Fourth, labor markets suffer in deflationary periods. During deflation, wages tend to fall more slowly than prices, similar to nominal interest rates at the zero bound. A faster fall in prices pushes up real wages and reduces the demand for labor, boosting unemployment, further depressing demand, and accelerating deflation. Real wage growth in the United States has been steadily increasing toward zero since mid-2011 (see figure 3), due largely to the inflation slowdown shown in figures 1 and 2. At the same time, employment growth has been tepid. If deflation occurs, real wages will rise even faster and employment growth will be weaker.
- FHA Issues New Handbook for Forward Lending Policy | Reverse Mortgage Daily
Jason Oliva reports:
The Federal Housing Administration (FHA) is developing a new forward mortgage policy handbook that will consolidate all FHA Single Family requirements into one authoritative source.
The draft section of the new handbook is based on the Title II mortgage process from application through endorsement, starting with a Table of Contents that identifies broad categories, such as Origination/Processing, as well as detailed sub-categories like Borrower Obligation Requirements.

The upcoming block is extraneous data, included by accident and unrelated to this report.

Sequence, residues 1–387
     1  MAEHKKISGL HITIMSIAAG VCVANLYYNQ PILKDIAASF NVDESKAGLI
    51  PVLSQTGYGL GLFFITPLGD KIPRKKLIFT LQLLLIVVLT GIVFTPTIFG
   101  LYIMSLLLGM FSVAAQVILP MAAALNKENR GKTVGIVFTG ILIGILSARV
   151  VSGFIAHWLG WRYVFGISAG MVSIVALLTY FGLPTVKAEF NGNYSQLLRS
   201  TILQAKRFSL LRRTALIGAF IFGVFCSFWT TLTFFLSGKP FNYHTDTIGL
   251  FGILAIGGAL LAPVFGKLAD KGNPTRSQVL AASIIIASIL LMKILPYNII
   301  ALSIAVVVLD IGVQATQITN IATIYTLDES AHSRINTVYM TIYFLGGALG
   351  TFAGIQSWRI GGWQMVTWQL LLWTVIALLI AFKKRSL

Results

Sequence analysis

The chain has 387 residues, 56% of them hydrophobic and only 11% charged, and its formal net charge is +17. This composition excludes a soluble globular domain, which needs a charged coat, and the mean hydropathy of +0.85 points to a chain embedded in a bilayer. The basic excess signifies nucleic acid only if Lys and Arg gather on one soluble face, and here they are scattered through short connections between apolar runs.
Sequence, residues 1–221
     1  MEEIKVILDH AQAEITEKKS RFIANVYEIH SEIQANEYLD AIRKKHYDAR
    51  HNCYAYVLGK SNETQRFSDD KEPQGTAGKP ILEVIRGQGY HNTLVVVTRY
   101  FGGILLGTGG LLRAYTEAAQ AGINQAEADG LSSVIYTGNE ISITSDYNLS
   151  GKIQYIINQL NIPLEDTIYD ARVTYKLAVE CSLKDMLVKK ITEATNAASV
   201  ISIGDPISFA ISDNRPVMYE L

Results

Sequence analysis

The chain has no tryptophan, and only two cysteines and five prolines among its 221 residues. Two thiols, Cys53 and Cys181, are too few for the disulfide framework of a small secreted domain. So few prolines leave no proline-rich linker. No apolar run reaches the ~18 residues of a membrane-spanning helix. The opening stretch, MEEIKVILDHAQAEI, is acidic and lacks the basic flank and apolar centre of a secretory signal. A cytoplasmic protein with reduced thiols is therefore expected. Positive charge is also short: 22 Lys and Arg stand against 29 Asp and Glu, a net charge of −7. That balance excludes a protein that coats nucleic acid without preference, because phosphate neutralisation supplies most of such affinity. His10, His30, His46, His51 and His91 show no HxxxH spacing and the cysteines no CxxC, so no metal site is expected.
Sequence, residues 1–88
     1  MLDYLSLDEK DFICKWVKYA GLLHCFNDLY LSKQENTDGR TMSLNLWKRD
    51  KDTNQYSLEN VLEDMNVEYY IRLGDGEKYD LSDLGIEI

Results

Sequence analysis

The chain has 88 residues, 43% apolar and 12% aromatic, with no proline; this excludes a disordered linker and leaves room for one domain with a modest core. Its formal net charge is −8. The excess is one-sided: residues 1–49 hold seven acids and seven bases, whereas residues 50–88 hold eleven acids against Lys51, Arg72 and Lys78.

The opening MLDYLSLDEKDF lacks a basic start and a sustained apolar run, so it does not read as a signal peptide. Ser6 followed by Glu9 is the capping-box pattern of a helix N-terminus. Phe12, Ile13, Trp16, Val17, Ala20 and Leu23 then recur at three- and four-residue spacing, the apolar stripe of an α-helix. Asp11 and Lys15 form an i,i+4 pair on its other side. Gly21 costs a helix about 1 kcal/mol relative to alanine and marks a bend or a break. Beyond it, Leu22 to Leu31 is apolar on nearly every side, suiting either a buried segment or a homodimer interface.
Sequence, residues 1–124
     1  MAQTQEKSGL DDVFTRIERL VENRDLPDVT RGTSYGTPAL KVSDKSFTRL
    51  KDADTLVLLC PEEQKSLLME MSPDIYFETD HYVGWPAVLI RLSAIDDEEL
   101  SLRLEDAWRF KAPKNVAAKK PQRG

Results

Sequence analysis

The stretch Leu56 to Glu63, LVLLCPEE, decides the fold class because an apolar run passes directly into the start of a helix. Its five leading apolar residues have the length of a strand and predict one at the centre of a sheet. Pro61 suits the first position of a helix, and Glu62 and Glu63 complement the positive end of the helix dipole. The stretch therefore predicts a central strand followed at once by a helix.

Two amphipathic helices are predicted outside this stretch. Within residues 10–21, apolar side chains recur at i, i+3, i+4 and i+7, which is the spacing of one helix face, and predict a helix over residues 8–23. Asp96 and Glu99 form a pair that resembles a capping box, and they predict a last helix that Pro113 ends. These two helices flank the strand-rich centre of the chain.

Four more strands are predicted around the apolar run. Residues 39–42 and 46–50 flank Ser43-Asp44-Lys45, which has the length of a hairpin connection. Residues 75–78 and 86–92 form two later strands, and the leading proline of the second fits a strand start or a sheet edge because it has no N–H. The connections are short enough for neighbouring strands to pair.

- Clinton's Legacy: The Financial and Housing Meltdown - Reason.com
Bill Clinton is certainly full of himself these days. That might have something to do with the fact that no one is likely to ask why he hasn't owned up to his share of the blame for the housing and financial bust.
Actually, Clinton said quite a while ago that he regrets that he was taken in by the hyper-deregulators, the actions of whom led largely to the crash.
There's no doubt that Clinton erred, but you will kindly note from the following quote what is missing from the REASON article:
"This is a mentality that doesn't understand the nature of systemic risks in financial systems," says Joseph Stiglitz, Nobel Prize-winning economist and former chairman of President Clinton's Council of Economic Advisers. "It's social Darwinism."
Economic experts say that Gramm and others are to blame for the current crisis that is shaking Wall Street.